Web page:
Mutual funds are focusing on educating the investors on the dynamic equity allocation fund category. They use various mediums to talk about multiple concepts on building category awareness. They also use digital and mobile to populate the content.
Says Radhika Gupta on the use of digital marketing by mutual funds: “Investors today need quick and simple information about investment options. We are focusing on making the process of investment seamless and quick by making it paperless, efficient, easy and real-time. Digital will help the industry to enhance distribution reach. Industry-wide digital platforms like stock exchanges facilitates easier distribution.”
Bharosa Advisors offers free portfolio check-up as one of the client acquisition tools. It has done free portfolio checks for more than `5 billion of assets. The company has also used PR and digital marketing campaigns to spread awareness about investing in funds.
Dhaval Kapadia, director and portfolio specialist, Morningstar Investment Adviser India, says the company mainly uses websites and digital marketing to reach out to customers. It also organizes half-day advisory forums in medium and small cities like Nagpur, Lucknow, Indore, Nagpur and Bhopal.
Mutual fund penetration in India, as measured by AUM to GDP ratio, is an unimpressive 10% compared with the global average of 54%. Even some of the emerging economies like Brazil and South Africa are way ahead. But the stage seems set for a quantum leap for the country. Till the time the industry runs on a percentage commission based revenue model, the focus will remain on high ticket customers and/or repeated investments (SIPS).
India has a lot of ground to cover when it comes to the penetration and usage of mutual funds vis-à-vis other emerging countries. However, that also means that there is a lot of untapped potential in the country and presents a huge scope for the industry. It also needs to build right perception about the products for mass level adoption to happen.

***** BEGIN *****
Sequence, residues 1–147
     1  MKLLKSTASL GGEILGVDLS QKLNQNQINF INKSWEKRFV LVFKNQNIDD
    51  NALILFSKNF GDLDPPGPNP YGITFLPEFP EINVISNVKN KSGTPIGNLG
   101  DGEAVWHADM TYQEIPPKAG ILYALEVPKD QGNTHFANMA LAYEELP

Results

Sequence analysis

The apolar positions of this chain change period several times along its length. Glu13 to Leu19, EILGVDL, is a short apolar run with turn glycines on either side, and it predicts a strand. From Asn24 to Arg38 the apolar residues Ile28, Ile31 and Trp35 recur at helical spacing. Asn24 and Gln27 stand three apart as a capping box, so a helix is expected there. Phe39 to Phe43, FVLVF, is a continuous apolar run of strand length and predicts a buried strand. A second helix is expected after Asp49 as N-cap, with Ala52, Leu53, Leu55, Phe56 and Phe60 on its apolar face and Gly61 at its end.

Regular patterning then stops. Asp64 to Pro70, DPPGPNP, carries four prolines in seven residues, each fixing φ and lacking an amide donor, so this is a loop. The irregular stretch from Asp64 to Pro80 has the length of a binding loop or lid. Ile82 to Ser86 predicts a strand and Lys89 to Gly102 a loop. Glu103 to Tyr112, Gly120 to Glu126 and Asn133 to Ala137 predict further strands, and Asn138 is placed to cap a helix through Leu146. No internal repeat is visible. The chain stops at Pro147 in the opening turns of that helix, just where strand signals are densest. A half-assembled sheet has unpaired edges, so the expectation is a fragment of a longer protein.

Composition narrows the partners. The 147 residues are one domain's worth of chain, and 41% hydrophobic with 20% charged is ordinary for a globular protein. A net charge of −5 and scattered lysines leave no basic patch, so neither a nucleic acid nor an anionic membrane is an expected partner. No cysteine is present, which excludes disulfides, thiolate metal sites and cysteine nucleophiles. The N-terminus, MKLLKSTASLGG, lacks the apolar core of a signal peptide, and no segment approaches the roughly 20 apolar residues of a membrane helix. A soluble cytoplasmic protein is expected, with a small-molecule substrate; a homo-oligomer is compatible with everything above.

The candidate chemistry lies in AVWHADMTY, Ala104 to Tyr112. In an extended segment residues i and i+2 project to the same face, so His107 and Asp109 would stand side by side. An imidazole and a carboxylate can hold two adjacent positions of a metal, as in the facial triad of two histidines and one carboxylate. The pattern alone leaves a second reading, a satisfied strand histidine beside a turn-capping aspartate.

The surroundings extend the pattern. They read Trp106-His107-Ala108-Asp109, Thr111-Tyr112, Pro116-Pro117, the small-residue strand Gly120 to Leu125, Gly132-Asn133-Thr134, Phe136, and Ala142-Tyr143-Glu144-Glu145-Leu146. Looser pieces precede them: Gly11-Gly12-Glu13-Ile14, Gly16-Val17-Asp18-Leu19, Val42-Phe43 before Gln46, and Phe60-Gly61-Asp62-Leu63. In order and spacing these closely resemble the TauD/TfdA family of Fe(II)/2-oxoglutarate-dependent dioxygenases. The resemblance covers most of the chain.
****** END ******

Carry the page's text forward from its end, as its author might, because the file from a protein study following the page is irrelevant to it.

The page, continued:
Kamal Manocha feels there is need for bold and corrective decisions on the part of regulators: “The regulators need to take steps to curb mis-selling, commiss ionoriented advice and other such prevalent malpractices. SEBI is trying to take a lot of steps to clearly demarcate between distributors and advisors, which in my opinion is a welcome move, as it would build right perception about the product,” says he.
Dhaval Kapadia shares details about the mutual fund scenario in the US:”IN the US, 65% of first time mutual fund buyers come through their employee retirement savings plans such as 41k plans. There are also special retirement plans introduced by mutual funds here.”
RETAIL & HNI SEGMENT GROWTH
Retail investor accounts - defined by folios in equity, equity-linked saving schemes (ELSS) and balanced categories - grew by over 7.7 million. About 26% of assets held by individual investors is from B15 cities and 10% of institutional assets come from such places. On the other hand, institutional assets are concentrated in T15 locations, accounting for a little over 90% of the total. Further, about 9% of the retail investors chose to invest directly, while over 17% of HNI assets were invested directly. About 41.1% of the assets of the mutual fund industry came directly. A large proportion of direct investments were in non-equity oriented schemes where institutional investors dominate.
The industry has been successful in improving the share of retail and HNIS in the total AUM from 43% in March 2009 to 51% in March 2016. Investors are also opting for simple means to invest in mutual funds, which is evident from the fact that SIP inflows in June 2017 were 44% higher compared to the corresponding month of last year and 20% more than one-year average. The industry has also been investing a lot in educating new investors on the benefits of mutual funds through innovative means.
Retail and HNI segments will continue to grow at a fast pace. Real estate returns are dwindling and hence, HNIS will continue to move from physical assets to financial assets. While on the other hand, lower interest rates offered by traditional investment avenues will encourage retail investors to shift to mutual funds.
Says Radhika Gupta: “The vintage of investments in equity funds has also increased, which only shows the conviction investors have in mutual funds unlike in the past. This also demonstrates that a large percentage of investors are satisfied with the returns which mutual funds as an investment option provide. Also, retail investors are largely investing through the SIP route that entails regular investments and better investment experience in the long term.”
MODELS FOR FUTURE
If a fee-based model is adopted and advisory becomes an accepted norm, there is a distinct possibility of a change in the perception of Indian investors for mutual funds. Any positive change in perception will automatically lead to an increase in penetration by bringing in more retail investors. Moreover, the inflow of these new investors will be linked to a rise in markets.
Ajit Narasimhan Ashutosh Bishnoi Dhaval Kapadia Radhika Gupta Kamal Manocha